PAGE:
FT Adviser, 9 November 2020
Former owner of BHS sentenced for tax evasion
Dominic Chappell was sentenced to six years for failing to pay tax amounting to £584,000 on £2.2m of income he received after buying BHS for £1. In sentencing, the judge stated that Chappell engaged in a "long and consistent course of conduct designed to cheat the revenue". The court heard that Chappell had spent the money on yachts, a Bentley, firearms and holidays. Chappell had ignored repeated requests from HMRC to track down the missing funds. The director of the Fraud Investigation Service at HMRC said, "This was deliberate theft from UK citizens…That's money that should have been supporting our vital public services instead of funding his lavish lifestyle".
BBC, 6 November 2020
FCA bans three individuals for non-financial misconduct
Russell Jameson, Mark Horsey and Frank Cochran were banned from working in the financial services industry after they were convicted of serious non-financial indictable offences in 2018. These offences (details of which can be found in the link below) were committed while the three individuals were approved persons. Executive Director of Enforcement and Market Oversight of the FCA said, "The FCA expects high standards of character, probity and fitness and properness from those who operate in the financial services industry and will take action to ensure these standards are maintained".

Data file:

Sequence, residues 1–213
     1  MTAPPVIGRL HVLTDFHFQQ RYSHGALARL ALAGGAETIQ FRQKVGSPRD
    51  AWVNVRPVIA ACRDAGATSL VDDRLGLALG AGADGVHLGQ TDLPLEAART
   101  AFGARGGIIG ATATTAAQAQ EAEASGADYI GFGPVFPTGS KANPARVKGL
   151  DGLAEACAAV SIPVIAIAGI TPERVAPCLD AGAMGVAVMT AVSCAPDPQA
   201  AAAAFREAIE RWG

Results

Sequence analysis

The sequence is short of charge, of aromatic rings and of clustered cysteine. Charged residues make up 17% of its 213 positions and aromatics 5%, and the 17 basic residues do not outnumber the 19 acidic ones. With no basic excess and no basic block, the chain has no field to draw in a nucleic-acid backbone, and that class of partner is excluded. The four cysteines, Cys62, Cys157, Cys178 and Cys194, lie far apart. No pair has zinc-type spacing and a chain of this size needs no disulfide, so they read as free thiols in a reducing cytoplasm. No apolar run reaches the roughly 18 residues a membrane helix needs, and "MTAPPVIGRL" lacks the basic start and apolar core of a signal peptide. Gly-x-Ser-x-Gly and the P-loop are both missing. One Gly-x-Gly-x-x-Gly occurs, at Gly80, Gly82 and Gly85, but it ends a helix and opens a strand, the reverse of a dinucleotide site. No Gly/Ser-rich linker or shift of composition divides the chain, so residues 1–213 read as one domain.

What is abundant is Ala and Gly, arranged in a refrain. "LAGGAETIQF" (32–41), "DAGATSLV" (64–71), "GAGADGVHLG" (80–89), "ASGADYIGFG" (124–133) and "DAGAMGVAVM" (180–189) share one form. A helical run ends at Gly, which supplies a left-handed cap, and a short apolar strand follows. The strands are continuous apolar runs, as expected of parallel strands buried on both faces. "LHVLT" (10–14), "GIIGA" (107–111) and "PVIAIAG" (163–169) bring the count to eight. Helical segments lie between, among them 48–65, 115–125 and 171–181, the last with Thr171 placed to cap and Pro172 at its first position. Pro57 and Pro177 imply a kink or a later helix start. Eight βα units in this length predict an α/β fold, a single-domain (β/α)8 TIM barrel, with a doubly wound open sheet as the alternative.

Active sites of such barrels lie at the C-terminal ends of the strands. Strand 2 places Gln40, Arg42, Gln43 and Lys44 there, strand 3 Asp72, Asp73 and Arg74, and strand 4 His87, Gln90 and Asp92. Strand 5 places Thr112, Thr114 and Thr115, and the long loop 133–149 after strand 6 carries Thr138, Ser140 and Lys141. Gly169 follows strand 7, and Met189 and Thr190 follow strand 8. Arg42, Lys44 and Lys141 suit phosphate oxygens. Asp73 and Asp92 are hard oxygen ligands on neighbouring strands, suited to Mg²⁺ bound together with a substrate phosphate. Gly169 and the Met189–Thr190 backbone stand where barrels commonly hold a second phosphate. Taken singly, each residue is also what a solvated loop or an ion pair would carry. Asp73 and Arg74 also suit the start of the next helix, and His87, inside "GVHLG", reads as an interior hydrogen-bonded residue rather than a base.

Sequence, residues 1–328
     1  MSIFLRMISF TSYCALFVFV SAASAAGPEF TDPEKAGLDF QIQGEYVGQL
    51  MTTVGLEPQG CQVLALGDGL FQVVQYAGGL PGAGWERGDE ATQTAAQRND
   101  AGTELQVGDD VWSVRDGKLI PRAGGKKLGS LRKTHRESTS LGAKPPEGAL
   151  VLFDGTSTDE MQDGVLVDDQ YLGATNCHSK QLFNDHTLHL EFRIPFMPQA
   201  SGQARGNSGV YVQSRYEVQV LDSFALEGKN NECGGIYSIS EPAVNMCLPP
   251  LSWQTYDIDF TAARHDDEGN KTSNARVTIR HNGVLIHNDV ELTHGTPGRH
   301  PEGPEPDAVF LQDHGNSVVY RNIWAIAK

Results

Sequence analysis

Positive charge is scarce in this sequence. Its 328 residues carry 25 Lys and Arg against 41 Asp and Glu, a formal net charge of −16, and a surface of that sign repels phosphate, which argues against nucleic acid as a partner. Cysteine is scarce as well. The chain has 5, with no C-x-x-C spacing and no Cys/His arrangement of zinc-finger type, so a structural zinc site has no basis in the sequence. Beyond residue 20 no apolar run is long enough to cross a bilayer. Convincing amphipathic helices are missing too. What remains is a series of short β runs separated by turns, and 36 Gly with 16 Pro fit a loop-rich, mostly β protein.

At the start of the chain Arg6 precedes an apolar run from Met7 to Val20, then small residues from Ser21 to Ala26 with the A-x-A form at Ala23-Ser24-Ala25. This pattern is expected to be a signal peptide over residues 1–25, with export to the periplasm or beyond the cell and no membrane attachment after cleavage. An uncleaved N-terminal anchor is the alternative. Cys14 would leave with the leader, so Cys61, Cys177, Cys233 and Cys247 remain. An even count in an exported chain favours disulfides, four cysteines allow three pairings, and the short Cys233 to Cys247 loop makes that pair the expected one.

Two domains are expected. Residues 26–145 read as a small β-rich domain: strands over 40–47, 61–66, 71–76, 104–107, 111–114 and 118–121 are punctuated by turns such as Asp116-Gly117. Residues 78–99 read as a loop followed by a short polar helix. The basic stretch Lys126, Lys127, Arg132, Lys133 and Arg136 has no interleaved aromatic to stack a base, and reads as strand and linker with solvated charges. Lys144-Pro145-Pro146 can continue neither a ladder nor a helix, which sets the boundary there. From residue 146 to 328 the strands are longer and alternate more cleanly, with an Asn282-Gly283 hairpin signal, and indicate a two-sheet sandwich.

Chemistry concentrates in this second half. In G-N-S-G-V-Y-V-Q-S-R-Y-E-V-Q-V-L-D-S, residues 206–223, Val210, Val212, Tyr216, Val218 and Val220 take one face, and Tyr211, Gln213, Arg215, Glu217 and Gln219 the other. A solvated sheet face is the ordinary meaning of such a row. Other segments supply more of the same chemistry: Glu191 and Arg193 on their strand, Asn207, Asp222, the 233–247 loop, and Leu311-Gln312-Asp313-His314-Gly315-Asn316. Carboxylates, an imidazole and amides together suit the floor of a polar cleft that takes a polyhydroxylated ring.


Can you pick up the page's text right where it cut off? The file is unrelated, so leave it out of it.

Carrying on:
FCA, 5 November 2020
Scrap metal company fined for storing end-of-life vehicles
A Dorset scrap metal firm, Portland Scrap Metal, was fined more than £15,000 for illegally storing end-of-life vehicles between 23 September 2018 and 18 January 2019.
While the firm disputed that the vehicles were end-of-life, they admitted ignoring several warnings from the Environment Agency telling it stop what it was doing, and clear all scrap cars from the site. The Environment Agency visited the site 4 separate times during this period, and each time the end-of-life vehicles remained, despite the notices. The firm therefore was found to be in breach of the enforcement notice.
To be able to keep motor vehicles as waste, you must be authorised by an environmental permit. The firm was not so authorised, but they denied that they were end-of-life, arguing that it was the intention for these to be assessed for repair, and that they would be scrapped if that was not possible. The firm did however admit to being in breach of the enforcement notice, and pleaded guilty to keeping of waste motor vehicles.